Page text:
The wrong kind of stimulus
I am a big fan of stimulus packages for our ailing economy. But my pitch has been that we need to use the occasion to retrofit our economy to be on a more sustainable footing. So it matters a great deal on what we spend those stimulus dollars. If we launch projects that take us even further away from a sustainable economy, we are squandering those dollars.
Case in point: as reported in the Vancouver Sun, the BC government is announcing a $187 million road upgrade from Fort Nelson into BC’s oil and gas fields. This initiative will create 1,100 jobs, but is a blatant subsidy to the oil and gas industry, the source of 20% of BC’s greenhouse gas emissions (much more if we were to consider the emissions from burning that fuel out of province). Environmental NGOs have long been critical of subsidies to the oil and gas industry, and rightly so. What if the government lived up to the aspirations of its Climate Action Plan and put $187 million into green retrofits of buildings and alternative energy development?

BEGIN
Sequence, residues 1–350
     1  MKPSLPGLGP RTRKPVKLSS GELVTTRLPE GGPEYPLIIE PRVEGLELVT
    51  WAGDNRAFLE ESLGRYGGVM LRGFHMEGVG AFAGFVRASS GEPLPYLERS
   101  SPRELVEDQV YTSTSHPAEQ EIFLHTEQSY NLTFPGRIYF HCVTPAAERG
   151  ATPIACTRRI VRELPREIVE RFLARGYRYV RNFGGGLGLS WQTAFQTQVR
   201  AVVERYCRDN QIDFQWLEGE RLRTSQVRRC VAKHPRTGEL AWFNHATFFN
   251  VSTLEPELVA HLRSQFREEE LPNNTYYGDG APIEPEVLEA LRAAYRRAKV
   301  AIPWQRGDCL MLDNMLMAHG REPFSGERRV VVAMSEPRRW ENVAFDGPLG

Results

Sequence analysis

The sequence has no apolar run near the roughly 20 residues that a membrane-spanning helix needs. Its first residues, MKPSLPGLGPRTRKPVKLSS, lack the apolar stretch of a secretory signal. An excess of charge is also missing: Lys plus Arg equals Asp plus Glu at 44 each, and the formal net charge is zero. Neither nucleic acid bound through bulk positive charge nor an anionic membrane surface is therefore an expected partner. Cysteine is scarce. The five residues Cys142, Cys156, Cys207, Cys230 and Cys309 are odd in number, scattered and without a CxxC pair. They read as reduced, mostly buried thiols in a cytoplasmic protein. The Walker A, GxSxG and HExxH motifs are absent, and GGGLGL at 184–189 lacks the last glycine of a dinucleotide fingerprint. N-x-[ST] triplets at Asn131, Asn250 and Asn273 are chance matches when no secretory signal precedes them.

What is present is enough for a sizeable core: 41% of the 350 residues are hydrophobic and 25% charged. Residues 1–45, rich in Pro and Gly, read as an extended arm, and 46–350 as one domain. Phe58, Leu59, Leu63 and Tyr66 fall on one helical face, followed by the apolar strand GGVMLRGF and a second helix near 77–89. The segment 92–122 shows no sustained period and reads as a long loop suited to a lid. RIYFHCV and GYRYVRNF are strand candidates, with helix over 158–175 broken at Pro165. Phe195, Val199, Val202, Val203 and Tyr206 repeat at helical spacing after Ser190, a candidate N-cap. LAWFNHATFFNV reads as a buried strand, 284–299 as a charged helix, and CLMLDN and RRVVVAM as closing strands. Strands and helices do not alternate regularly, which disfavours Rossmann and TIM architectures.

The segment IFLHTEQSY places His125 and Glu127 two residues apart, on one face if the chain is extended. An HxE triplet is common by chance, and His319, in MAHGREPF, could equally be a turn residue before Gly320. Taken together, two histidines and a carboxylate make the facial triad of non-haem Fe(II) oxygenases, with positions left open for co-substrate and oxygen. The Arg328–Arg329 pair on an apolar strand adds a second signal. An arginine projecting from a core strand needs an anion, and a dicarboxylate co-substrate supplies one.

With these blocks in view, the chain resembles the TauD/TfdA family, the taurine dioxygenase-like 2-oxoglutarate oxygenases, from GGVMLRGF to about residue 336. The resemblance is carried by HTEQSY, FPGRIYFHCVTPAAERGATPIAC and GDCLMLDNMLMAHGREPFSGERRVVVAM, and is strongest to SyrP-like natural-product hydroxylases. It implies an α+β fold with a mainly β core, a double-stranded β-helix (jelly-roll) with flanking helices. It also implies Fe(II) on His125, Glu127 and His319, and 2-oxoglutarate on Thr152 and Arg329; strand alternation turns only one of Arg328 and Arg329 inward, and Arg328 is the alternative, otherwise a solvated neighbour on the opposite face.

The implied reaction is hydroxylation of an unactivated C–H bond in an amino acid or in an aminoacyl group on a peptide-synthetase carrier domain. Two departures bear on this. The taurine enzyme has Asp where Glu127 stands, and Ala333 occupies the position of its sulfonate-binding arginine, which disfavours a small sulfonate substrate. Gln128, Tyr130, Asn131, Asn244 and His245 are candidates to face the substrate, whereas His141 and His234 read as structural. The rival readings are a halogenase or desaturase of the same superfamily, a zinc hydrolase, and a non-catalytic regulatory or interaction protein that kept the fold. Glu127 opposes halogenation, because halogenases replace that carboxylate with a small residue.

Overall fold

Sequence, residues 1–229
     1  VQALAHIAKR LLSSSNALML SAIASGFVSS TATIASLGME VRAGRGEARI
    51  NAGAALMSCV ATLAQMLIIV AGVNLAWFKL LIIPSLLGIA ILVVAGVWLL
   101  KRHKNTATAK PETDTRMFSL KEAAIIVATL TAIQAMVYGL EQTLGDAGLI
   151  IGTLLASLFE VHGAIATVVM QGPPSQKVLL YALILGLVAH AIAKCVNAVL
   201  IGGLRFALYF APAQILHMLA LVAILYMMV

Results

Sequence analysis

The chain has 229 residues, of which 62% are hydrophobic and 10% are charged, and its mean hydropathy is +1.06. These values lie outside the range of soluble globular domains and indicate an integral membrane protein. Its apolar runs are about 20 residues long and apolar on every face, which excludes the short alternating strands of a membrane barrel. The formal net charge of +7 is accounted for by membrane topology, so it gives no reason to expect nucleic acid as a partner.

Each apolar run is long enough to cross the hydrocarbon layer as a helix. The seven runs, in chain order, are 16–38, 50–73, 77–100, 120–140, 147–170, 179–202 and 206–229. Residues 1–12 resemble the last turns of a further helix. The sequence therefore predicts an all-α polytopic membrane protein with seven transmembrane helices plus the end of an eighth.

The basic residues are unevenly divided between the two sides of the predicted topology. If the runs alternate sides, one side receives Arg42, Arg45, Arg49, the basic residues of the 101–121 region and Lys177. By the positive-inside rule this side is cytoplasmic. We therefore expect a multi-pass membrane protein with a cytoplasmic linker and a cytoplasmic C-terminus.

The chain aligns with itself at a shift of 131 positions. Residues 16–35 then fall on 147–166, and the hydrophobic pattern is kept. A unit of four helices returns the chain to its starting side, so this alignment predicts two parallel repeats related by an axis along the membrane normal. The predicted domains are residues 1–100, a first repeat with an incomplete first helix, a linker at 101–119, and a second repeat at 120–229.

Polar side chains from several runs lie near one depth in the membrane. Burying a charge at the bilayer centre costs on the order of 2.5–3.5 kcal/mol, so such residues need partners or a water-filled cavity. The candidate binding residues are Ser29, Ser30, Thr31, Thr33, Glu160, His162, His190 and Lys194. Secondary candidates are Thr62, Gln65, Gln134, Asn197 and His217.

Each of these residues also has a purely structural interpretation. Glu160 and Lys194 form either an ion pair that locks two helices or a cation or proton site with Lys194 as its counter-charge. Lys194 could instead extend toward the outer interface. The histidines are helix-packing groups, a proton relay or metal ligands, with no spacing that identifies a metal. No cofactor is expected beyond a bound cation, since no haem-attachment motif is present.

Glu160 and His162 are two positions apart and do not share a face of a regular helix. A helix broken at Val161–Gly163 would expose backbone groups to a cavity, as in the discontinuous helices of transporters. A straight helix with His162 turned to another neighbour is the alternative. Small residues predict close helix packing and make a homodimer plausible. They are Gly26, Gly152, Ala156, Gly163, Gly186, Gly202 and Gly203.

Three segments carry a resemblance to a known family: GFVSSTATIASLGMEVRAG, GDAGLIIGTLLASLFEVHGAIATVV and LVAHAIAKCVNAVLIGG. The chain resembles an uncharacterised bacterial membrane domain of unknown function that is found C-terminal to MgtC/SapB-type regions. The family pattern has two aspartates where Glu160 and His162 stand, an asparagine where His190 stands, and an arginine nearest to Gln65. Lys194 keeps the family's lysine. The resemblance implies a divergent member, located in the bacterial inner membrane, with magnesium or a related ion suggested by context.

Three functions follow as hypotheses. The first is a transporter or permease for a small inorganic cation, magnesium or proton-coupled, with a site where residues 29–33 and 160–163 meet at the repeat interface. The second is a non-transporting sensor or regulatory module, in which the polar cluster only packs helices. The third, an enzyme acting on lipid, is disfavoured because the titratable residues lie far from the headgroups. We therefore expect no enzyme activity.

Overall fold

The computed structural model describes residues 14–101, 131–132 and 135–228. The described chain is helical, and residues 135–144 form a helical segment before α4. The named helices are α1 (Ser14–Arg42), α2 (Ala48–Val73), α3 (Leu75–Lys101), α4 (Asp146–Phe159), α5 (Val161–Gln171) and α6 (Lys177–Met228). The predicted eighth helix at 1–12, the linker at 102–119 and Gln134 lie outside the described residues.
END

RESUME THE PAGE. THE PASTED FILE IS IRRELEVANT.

Another obvious case is the $5 billion Port Mann super-bridge (well, $3.3 billion and rising). Its effect will be to create even more suburban communities up the Fraser Valley, locking in an unsustainable form of development for generations, and quite possibly at the expense of some of the best farmland in the province, which we will need down the road. The bridge will create lots of jobs but would we not be better off if we created those jobs as bus drivers by buying more buses to get people over the existing bridge more efficiently?